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Remember those whose sons paid the price of war

October 10, 2016 14:40 IST

War, and proxy war, demand and always extract a price -- from both sides.
But how do you make a neighbour, who will simply not stop provoking, and the jingoists see this, asks Veenu Sandhu.

IMAGE: Havildar Ashok Kumar Singh's family mourns at his funeral in Bhojpur district, Bihar.
Havildar Singh was one of the 19 soldiers who died when terrorists attacked the Indian Army's Uri brigade command. Photograph: PTI

These last few days, my thoughts have been travelling back to the summer of 1999. India-Pakistan relations had hit a low, yet again. And, the peaks of Kargil were stained with blood.

On that particular July morning, I was at the cremation ground in Palampur. This time the soldier who had come home in a coffin was my brother's closest friend, Vikram Batra, a happy young man two months short of turning 25 and who we loved as family.

In the years that have followed, stories of his bravery and the whole new meaning he gave to the slogan, 'Yeh dil maange more!' have overshadowed the pain of his loss we felt that day, and have felt on many days since.

During these years, I have often thought of the young woman who had rushed from Chandigarh to Palampur on hearing the news. She arrived late by a few minutes. The pyre had already been lit. The cremation ground was on a slope down from the road where she stood, tearfully watching from a distance. Sometimes I feel she is still standing there, in that space.

A part of her has since ceased to move on with life. Every year, on Vikram's birthday or his death anniversary, I find pictures of him on her Facebook page -- sometimes bearded, which was the look he wore during the war from where he didn't return, but often clean-shaven and smiling.

In some ways, she reminds me of another woman I have been seeing since I was a child. This tall, thin woman, always somberly dressed, was a fixture who would appear in our lives every September, when my father's regiment commemorates the battle it fought in 1965, recapturing from Pakistan a peak called Gitian. She was here on this Gitian Day as well. It is a ritual she hasn't missed even once in the last 50 years.

Her story, no matter how often I hear it, always leaves me feeling immensely sad. Her husband, Kanshi Ram, a havildar, was killed in that battle. They had been married for two months.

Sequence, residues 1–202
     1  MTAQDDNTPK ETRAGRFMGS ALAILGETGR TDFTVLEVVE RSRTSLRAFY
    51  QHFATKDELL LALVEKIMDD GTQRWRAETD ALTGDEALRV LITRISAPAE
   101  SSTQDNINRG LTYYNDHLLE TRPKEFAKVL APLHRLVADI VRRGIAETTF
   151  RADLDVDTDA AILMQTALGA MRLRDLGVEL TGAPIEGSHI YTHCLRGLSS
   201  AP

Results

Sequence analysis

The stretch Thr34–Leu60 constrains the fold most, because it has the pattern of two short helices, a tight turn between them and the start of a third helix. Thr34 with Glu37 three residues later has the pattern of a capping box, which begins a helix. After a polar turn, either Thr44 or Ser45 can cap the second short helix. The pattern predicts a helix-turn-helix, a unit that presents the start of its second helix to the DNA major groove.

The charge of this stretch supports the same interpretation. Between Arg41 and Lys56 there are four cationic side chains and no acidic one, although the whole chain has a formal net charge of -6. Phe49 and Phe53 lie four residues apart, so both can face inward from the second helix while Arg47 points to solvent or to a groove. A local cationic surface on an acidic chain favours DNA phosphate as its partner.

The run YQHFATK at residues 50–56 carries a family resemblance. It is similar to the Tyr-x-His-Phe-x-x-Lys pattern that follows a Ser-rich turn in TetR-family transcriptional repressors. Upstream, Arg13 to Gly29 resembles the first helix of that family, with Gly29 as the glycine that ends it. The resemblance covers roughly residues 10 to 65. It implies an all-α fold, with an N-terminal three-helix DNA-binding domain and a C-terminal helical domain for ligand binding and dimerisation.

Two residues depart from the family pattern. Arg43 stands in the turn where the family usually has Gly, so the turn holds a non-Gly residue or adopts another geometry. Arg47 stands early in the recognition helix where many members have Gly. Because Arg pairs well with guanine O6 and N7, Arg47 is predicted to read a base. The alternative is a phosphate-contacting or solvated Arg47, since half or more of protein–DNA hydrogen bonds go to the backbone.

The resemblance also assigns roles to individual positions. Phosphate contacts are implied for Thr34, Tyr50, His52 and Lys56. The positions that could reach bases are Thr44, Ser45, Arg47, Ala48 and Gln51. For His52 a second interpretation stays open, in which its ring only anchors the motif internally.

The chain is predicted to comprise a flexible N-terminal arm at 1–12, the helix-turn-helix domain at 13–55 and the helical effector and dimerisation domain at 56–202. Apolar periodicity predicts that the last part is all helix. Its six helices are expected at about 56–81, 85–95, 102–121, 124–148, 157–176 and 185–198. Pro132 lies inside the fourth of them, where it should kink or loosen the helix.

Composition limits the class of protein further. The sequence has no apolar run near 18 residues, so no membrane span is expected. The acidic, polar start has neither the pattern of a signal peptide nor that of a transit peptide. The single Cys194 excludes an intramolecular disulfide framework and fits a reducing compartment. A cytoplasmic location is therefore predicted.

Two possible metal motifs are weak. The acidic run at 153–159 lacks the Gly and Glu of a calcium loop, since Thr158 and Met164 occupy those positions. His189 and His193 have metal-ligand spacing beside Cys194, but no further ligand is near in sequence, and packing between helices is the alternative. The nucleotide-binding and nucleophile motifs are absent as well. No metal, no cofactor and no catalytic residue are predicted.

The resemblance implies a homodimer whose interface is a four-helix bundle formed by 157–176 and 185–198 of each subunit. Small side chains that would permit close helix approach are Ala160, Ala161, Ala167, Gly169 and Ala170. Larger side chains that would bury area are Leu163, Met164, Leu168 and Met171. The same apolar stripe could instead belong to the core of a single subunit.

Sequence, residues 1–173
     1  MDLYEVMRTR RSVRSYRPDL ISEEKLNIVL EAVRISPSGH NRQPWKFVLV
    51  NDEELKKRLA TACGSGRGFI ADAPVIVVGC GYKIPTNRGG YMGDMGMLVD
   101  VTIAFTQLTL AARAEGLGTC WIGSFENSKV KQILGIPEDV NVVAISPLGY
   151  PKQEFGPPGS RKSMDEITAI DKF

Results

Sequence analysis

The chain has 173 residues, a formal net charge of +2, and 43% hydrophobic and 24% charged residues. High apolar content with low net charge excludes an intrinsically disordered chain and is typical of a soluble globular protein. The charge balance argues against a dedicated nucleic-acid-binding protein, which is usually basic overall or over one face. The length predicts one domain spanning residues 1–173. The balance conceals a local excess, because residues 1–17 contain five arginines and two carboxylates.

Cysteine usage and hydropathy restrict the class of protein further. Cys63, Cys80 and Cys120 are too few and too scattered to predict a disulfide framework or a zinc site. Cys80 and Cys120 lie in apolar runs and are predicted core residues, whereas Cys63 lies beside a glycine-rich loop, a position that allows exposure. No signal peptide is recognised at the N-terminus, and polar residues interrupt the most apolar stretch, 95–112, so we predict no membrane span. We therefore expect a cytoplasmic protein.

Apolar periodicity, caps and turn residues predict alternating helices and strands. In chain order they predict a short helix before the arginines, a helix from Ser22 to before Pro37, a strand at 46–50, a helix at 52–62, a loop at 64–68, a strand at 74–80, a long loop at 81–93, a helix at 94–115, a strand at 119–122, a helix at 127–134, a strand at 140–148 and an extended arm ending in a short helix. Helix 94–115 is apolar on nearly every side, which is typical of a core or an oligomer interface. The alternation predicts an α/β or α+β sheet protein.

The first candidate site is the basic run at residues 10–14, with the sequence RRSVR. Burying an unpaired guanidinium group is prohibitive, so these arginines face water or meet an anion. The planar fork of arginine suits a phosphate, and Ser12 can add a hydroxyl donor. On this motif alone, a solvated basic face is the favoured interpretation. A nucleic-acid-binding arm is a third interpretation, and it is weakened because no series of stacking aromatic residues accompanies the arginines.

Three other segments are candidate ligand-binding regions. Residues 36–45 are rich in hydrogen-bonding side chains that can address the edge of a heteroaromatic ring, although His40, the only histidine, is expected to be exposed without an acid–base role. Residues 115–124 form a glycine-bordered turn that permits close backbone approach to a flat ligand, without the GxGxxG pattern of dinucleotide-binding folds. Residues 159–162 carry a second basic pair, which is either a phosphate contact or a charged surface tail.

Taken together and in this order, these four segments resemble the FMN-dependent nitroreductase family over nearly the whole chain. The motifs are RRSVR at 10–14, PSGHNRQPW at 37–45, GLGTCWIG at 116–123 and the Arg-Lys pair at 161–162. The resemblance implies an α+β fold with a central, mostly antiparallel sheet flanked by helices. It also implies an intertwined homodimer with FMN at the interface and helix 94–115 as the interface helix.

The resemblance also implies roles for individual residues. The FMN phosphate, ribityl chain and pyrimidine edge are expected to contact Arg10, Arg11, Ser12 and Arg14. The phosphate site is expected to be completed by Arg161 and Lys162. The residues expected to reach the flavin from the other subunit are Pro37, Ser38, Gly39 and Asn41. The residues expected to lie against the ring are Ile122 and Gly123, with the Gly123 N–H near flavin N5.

Fifty years is a long time, if you think of it. And, time is a great healer. But a tide of memories can wash time away. This annual ritual has been her way of keeping time on hold.

IMAGE: Dr N K Kalia, in the museum dedicated to his martyred son in his home in Palampur, Himachal Pradesh. Photograph courtesy: Vaibhav Kalia

Time has been at a standstill in another house in Palampur, which is today called 'Saurabh Niketan.'

Saurabh Kalia, a 22-year-old captain, and five other soldiers were among the first to be taken captive during the Kargil war. They were tortured in the most inhuman ways and then killed. Their mutilated bodies were later returned to India.

In the silent hall on the first floor of his house, everything as though calls out his name. His uniform, his drill boots, the shoe polish, the olive green military trunk with his name painted on it in white, his wallet with money in it, kept just the way it was returned to his parents, his tooth brush...

Years ago, when I met her, his mother said, 'Sometimes we wake up in the night and wonder what they must have done to him; how must they have killed him.'

Today, we are back in the same grim place. Uri. Then the strike back. And now, seemingly innocuous balloons and pigeons flying across the border carrying messages of hate.

And on this side, the jingoism, the chest-thumping and the political cashing in on the strikes.

Where will all this lead to?

In all these years, it's as though we haven't moved an inch forward.

War, and proxy war, demand and always extract a price -- from both sides.

But how do you make a neighbour, who will simply not stop provoking, and the jingoists see this?

Veena Sandhu
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